5 HOT BOOKS: A Legendary Hollywood Screenwriter, a Nuclear Disaster, and More


1. Ben Hecht: Fighting Words, Moving Pictures by Adina Hoffman (Yale University Press)

In this deeply insightful biography, Hoffman writes that the onetime Chicago journalist, best known for co-writing The Front Page, was one of Hollywood’s most prominent, well-compensated screenwriters, but that his interests and influence extended more broadly to politics, literature, and journalism. Ben Hecht, the latest entry in Yale University Press’s invaluable Jewish Lives series, notes that in 1939, Hecht made himself – as he said – “look on the world with Jewish eyes,” and that world events turned him into a Jewish radical and avid Zionist. Hoffman renders Hecht fully in this slender, elegant biography, capturing him as a Jewish American before the identity was commonplace. She writes that “Ben Hecht embraced, even celebrated, being an alloy: novelist and journalist, screenwriter and activist” who “had thrilled to the parabolic flight and risk of the artist on his trapeze.”

2. Landfall by Thomas Mallon (Pantheon Books)

In this post reality-TV world where political figures are scripted to be “authentic,” fiction may be the closest we’ll get to reality when it comes to American politics. Mallon’s tenth novel focuses on the second term of President George W. Bush, which might seem rather pallid subject matter compared to novels like Finale (Reagan) or Watergate (Nixon), but in his brilliant mashup of real figures (like salty, caustic first mother Barbara Bush, unctuous Condoleezza Rice, and acrid, manipulative Donald Rumsfeld), Mallon deftly propels the narrative forward on the political stage and behind closed doors. Mallon makes the geopolitical horrors of Hurricane Katrina and the Iraq War compelling backdrops for a mystifying president and the personal dramas unfolding all around him.

3. Midnight in Chernobyl: The Untold Story of the World’s Greatest Nuclear Disaster by Adam Higginbotham (Simon & Schuster)

In his account of the April 1986 nuclear explosion at the Chernobyl Atomic Energy Station in Ukraine, Higginbotham reveals the failing Soviet bureaucracy that led to the disaster, and vividly captures not only the plant’s flawed design and careless planning, but the human toll of the catastrophe. Midnight in Chernobyl is a master class in reporting., as Higginbotham, a relentless investigator, locates recently declassified documents, technical literature and logbooks, maps, and government records. Most important, his account stretches across a broad swath of society, relating the stories of the pioneering surgeons and hematologists and their patients, as well as the engineers, electricians, machinists, and ordinary citizens who were witnesses to the horror of Chernobyl three decades ago, under a cloud that has yet to lift.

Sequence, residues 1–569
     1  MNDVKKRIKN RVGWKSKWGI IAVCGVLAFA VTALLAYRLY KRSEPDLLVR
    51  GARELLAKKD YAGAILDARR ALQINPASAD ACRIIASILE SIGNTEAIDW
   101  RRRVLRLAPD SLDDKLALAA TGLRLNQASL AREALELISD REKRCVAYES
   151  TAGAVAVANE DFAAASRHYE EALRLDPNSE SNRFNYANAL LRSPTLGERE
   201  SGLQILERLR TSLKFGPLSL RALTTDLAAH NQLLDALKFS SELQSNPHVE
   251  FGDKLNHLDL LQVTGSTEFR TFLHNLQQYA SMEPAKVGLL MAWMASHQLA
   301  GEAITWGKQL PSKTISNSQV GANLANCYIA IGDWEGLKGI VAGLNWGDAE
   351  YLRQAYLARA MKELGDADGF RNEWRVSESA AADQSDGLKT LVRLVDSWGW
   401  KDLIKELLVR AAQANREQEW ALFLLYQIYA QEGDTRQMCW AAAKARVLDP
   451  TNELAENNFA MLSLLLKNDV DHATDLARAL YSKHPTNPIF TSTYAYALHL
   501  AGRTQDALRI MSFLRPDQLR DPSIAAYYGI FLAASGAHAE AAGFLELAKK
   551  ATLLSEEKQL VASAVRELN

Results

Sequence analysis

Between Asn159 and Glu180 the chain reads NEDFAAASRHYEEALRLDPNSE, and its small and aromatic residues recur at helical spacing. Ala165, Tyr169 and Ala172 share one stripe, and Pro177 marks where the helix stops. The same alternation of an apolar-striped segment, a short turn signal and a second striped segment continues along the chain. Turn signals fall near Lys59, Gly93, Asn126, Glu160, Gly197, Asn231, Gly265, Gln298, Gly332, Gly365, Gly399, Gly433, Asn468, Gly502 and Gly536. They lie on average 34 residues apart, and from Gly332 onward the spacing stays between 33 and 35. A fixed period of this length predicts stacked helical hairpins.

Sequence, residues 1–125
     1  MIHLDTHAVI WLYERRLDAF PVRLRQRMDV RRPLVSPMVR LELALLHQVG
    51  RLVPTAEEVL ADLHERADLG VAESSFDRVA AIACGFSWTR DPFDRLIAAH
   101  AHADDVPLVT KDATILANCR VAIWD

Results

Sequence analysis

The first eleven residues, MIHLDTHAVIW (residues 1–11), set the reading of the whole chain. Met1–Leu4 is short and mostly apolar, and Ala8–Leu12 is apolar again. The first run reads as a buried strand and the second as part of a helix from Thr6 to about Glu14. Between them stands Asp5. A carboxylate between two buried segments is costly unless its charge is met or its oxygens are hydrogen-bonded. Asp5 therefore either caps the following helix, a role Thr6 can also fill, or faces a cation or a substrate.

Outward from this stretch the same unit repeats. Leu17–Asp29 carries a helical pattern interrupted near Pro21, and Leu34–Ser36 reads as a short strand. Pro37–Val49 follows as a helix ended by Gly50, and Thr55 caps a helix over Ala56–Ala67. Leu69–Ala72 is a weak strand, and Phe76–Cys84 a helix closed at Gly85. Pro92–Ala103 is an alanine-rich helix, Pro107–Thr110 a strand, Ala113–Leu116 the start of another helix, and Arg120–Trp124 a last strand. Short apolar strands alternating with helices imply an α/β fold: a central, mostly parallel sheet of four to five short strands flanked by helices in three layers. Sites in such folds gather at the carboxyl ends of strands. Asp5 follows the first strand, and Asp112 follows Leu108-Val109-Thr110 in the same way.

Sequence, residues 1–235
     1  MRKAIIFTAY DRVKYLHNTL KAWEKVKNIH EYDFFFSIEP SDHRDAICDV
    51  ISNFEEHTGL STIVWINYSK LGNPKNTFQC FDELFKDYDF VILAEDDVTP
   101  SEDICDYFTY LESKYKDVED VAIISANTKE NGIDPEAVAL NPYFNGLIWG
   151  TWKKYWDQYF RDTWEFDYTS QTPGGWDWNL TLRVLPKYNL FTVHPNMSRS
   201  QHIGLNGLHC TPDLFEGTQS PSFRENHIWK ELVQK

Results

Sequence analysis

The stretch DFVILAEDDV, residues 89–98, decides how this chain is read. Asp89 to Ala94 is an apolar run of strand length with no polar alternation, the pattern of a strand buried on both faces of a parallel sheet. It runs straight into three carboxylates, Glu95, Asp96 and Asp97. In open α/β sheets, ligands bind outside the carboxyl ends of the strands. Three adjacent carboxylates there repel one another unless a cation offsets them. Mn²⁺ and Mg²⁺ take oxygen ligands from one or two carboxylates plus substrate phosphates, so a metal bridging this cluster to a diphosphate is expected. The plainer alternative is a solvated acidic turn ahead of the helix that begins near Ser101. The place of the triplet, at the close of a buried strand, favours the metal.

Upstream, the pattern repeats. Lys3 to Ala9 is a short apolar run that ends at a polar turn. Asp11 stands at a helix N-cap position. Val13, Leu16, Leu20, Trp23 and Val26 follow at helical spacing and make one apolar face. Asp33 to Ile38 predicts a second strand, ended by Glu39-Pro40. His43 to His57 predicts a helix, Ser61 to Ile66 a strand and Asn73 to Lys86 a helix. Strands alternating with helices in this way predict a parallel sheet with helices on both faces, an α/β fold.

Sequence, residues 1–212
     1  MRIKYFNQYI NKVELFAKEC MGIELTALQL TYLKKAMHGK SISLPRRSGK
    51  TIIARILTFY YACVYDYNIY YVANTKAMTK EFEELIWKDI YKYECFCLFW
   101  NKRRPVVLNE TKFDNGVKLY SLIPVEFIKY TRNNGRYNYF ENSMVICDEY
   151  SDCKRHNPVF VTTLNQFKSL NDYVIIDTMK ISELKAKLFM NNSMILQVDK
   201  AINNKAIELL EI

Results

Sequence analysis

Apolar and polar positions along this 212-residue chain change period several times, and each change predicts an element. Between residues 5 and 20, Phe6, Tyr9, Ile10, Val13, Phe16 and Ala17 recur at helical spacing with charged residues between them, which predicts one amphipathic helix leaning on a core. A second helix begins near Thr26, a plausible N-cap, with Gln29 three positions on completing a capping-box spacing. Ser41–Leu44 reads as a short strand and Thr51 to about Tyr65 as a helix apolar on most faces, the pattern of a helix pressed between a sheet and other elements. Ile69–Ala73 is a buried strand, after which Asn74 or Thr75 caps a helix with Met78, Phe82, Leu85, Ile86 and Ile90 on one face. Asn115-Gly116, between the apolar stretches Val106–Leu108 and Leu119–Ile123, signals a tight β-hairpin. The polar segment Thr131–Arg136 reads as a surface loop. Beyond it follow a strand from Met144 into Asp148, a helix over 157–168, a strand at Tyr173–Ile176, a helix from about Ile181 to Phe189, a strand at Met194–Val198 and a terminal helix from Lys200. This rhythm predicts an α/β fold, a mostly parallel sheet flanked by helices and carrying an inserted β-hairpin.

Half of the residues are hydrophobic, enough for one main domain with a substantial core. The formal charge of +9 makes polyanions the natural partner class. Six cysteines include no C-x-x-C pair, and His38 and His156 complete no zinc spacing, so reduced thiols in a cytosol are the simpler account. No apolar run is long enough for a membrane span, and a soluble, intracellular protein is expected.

4. Nobody’s Looking at You: Essays by Janet Malcolm (Farrar, Straus and Giroux)

Fashion designer Eileen Fisher’s mother frequently reminded her daughter that “nobody’s looking at you,” which Malcolm made the title of her profile of Fisher, one of the profiles, essays, and reviews previously published in the New Yorker and the New York Review of Books  assembled in this marvelous collection. Fisher’s mother’s observation could very well be applied to Malcolm herself. Whether writing about legendary New Yorker writer Joseph Mitchell or Tolstoy’s dream logic in Anna Karenina or even John Roberts’ Supreme Court confirmation hearings, Malcolm stays very much out of the way. Her curiosity is boundless, her insights clear and original, but what really elevates her is that while she is present on the page, she resists intrusion or self-reference, keeping her keen gaze ever forward-looking.

5. Cherokee America by Margaret Verble (Houghton Mifflin Harcourt)

Following her Pulitzer Prize finalist Maud’s Line, this is Verble’s second novel. At the heart of her epic and ambitious sophomore work of fiction is Aunt Check, or Cherokee America Singer, a fierce mother of five and the matriarch of a family of farmers of Cherokee descent.  The Civil War has ended and formerly enslaved people move to Indian Territory in search of work on Check’s potato farm, which she is running after the death of her husband. Tensions escalate in the wake of the murder of a Cherokee man, and jurisdictional conflicts arise over protected Native land, just as property and people begin to disappear amid chatter that the fields are rich in gold.